How Miro helps to reduce them: If it’s difficult for your teammates from different parts of the world to speak and listen in a common language, leave comments. Written text is easier to understand or translate with a dictionary, and the visual element helps overcome a lot of these barriers on its own.
How Miro helps to reduce them: Some people are more emotional and creative, while others are data-oriented and structured. These differences in overall approach can cause people to work in silos. Miro is a flexible collaboration canvas without boundaries or pre-built frameworks to conform to. You can organize the content the way you want: right to left, left to right, in a circle, top-down or bottom-up.
Poor connection or limited access to equipment
How Miro helps to reduce it: All you need to access Miro is an internet connection. Jump to a collaboration session in the office or on the go with a laptop, big touchscreen, mobile phone or tablet.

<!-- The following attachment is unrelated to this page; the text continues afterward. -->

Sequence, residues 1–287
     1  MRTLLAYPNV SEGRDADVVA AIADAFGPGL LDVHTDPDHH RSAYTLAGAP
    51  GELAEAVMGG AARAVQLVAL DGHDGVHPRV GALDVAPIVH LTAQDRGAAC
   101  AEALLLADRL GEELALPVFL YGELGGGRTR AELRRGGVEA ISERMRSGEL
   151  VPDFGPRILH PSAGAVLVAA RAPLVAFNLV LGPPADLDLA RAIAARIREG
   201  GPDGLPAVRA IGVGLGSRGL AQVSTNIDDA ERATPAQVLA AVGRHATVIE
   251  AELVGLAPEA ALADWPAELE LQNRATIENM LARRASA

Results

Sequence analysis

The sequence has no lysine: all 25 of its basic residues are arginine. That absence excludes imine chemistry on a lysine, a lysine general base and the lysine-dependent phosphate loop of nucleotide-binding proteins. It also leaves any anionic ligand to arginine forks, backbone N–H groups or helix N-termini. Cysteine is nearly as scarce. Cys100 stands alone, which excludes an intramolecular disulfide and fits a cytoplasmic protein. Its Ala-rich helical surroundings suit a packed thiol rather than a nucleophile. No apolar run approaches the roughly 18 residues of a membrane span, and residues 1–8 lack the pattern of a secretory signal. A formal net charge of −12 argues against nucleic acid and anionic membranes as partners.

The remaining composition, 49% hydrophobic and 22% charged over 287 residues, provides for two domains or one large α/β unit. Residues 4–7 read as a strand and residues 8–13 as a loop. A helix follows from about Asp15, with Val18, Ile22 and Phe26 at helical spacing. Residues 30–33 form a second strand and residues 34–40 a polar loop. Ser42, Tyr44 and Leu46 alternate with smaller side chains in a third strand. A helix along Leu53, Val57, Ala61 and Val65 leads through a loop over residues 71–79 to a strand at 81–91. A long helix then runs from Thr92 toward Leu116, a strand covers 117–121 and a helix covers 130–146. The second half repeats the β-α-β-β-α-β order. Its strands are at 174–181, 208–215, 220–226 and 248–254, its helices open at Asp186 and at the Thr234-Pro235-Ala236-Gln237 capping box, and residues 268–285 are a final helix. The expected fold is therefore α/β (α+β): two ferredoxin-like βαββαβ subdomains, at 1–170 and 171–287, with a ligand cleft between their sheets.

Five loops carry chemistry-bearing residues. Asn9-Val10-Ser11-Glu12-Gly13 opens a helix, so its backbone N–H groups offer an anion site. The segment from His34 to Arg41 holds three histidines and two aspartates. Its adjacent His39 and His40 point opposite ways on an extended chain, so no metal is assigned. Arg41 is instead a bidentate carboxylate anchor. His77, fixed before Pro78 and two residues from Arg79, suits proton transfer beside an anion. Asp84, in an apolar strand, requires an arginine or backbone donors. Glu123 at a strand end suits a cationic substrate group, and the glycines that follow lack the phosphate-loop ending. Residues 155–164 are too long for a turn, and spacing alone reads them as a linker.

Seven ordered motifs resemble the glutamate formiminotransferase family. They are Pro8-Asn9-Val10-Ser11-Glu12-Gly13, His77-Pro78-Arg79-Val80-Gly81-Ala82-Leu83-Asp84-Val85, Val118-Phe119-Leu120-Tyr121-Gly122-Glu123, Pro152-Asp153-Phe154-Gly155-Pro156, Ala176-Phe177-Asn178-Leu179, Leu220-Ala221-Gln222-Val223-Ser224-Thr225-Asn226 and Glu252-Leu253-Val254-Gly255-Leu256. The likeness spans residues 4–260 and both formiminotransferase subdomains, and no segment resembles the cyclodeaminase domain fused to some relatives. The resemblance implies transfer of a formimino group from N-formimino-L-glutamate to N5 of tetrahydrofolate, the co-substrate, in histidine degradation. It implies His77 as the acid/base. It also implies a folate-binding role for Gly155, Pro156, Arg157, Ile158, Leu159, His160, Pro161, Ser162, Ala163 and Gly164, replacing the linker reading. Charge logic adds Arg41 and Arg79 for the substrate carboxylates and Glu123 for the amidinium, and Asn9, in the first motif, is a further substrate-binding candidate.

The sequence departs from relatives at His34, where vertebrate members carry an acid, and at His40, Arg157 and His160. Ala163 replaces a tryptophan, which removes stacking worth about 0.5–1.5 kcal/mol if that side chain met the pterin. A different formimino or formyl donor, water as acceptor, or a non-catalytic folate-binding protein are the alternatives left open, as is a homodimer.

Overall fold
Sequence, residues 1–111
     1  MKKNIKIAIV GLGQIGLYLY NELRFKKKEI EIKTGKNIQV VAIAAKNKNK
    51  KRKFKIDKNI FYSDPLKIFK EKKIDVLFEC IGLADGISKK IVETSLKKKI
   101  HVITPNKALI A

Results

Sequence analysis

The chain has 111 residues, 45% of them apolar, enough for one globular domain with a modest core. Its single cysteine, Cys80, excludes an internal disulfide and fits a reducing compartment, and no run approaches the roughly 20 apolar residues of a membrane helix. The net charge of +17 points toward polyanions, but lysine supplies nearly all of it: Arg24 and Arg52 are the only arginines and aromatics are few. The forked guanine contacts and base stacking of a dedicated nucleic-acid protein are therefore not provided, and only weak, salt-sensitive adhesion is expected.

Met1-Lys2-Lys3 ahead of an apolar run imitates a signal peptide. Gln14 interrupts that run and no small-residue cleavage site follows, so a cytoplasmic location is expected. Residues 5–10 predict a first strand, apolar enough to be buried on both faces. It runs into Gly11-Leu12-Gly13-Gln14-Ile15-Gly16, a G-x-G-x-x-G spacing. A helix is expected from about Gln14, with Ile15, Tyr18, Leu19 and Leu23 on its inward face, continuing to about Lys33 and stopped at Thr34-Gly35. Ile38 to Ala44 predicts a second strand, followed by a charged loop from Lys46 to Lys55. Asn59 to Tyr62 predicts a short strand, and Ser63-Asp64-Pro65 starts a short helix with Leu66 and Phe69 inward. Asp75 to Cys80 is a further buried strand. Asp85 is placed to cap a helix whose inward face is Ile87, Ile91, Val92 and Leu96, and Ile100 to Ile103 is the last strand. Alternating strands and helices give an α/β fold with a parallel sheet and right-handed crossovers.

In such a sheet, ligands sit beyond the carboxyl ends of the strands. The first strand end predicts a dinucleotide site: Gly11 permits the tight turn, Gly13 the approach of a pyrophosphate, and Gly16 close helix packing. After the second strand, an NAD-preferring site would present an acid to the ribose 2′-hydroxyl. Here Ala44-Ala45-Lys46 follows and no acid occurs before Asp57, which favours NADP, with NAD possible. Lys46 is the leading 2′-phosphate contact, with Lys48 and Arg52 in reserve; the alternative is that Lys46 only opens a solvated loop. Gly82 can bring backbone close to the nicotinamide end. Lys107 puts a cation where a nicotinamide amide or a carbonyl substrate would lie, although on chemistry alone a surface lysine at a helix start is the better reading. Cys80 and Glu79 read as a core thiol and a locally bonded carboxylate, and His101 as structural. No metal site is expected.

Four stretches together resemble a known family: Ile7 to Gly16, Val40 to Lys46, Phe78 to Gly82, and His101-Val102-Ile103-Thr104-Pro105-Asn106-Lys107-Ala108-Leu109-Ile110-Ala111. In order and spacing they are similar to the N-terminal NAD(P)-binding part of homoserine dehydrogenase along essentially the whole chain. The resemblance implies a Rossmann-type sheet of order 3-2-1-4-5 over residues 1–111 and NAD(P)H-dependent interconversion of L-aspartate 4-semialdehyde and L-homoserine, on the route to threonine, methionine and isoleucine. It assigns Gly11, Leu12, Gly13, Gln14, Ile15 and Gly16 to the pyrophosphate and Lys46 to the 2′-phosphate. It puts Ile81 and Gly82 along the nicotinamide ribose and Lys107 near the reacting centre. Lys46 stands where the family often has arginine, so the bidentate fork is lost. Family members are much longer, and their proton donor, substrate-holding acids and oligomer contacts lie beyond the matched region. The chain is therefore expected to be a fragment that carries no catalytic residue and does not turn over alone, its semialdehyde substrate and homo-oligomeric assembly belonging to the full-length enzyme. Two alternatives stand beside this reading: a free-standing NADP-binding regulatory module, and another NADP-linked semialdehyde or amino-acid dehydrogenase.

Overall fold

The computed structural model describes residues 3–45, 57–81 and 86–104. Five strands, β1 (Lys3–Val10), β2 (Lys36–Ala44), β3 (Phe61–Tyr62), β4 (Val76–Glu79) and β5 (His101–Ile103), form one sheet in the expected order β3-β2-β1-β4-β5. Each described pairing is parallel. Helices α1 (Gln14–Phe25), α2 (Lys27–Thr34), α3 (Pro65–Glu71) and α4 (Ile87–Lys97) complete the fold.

Read our guide to team building activities and games for remote teams.
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2. Partnership silos
Information silos can appear between separate companies working towards a shared goal. Some examples might be the relationship between the customer and the vendor, among a group of vendors or between companies participating in shared social or investment projects. In this case silos grow organically from the unique organizational processes that may not even consider customization for collaboration purposes.
Reason for partnership silos
How Miro helps to reduce them: Companies are often hesitant to share access to corporate resources and documents with third parties, creating information silo problems. Miro allows you to invite consultants, freelancers or other vendors as collaborators to the board, while keeping all the other boards confidential.
Reason for organizational silos
Different workflow types
How Miro helps to reduce them: One company might keep information on private servers while another uses cloud storage. With Miro they can visually exchange all the materials relevant to a project by simply adding different types of content (from a document to a video) on an infinite canvas.
3. Organizational silos
Reason for organizational silos
Limited time to meet in person and associated costs
How Miro helps to reduce them: Having lots of meetings is exhausting, and yet they are still not always enough when it comes to collaboration between different companies. To support your teamwork outside the meeting room, Miro enables the board with video chat and a “show me others’ cursors” option.